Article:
Part of the Advances in Experimental Medicine and Biology book series (AEMB, volume 74)
Superoxide Dismutases: Studies of Structure and Mechanism
Superoxide dismutases are enzymes of defense which serve to protect respiring cells against a product of their own respiration. This is achieved by a catalytic scavenging of the superoxide radical which, surprisingly, is a rather commonplace intermediate of the reduction of oxygen. The reaction catalyzed is:
Enhancing the rate of this particular reaction may appear to “be a peculiar undertaking for an enzyme, since this reaction is reasonably rapid, even in the absence of catalysis and since several transition metal cations serve as effective catalysts. Nevertheless superoxide dismutases are indispensable because they operate with ultimate efficiency and are present in abundance, whereas free transition metal cations are less effective and are not plentiful inside cells. It is a fact that all of the superoxide dismutase activity, which can be measured in crude extracts of such diverse materials as erythrocytes, mammalian liver or Escherichia coli, can be accounted for in terms of the superoxide dismutases which they contain. There is thus no significant superoxide dismutase activity in these extracts save that due to these enzymes.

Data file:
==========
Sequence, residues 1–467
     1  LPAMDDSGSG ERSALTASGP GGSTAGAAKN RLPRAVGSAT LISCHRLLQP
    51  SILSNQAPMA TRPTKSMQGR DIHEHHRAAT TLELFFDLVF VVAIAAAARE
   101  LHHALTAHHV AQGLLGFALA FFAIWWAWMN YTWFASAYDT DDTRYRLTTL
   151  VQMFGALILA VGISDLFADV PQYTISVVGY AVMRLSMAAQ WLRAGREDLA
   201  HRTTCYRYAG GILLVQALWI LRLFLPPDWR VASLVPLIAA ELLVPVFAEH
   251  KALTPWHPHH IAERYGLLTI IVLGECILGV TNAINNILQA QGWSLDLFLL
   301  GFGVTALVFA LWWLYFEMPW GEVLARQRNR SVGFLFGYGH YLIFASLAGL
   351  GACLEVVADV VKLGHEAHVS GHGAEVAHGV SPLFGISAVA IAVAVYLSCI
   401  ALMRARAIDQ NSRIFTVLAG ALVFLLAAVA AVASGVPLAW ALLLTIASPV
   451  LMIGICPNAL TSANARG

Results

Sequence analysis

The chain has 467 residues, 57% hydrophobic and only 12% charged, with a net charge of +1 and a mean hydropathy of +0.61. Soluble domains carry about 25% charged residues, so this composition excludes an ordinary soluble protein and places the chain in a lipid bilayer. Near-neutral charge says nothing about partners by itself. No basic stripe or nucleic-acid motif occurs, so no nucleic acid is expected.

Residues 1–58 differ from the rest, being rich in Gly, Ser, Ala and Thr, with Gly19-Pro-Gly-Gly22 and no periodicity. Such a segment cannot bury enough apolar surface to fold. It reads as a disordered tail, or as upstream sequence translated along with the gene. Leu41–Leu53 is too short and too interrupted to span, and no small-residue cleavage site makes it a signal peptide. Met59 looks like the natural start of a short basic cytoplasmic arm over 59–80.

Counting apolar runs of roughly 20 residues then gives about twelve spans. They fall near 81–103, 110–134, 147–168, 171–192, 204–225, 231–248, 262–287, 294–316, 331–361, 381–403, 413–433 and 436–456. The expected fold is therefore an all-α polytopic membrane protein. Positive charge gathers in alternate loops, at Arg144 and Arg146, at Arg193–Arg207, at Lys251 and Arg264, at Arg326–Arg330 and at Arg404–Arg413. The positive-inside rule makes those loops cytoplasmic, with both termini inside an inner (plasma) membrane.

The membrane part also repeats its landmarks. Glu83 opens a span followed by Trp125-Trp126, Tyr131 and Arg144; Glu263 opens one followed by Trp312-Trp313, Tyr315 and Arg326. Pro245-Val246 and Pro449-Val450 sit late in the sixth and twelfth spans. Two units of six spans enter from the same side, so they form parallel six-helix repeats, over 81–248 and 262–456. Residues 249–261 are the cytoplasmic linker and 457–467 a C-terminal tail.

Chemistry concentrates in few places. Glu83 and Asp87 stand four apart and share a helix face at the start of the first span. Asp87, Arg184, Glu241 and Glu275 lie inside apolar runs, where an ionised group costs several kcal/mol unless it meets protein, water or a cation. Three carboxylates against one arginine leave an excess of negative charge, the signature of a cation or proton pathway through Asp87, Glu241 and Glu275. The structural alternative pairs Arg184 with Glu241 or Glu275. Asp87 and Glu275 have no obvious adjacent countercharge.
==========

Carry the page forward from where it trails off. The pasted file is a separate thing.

KeywordsSuperoxide Dismutase Imidazole Ring Superoxide Dismutase Activity Transition Metal Cation Intrachain Disulfide Bond
These keywords were added by machine and not by the authors. This process is experimental and the keywords may be updated as the learning algorithm improves.
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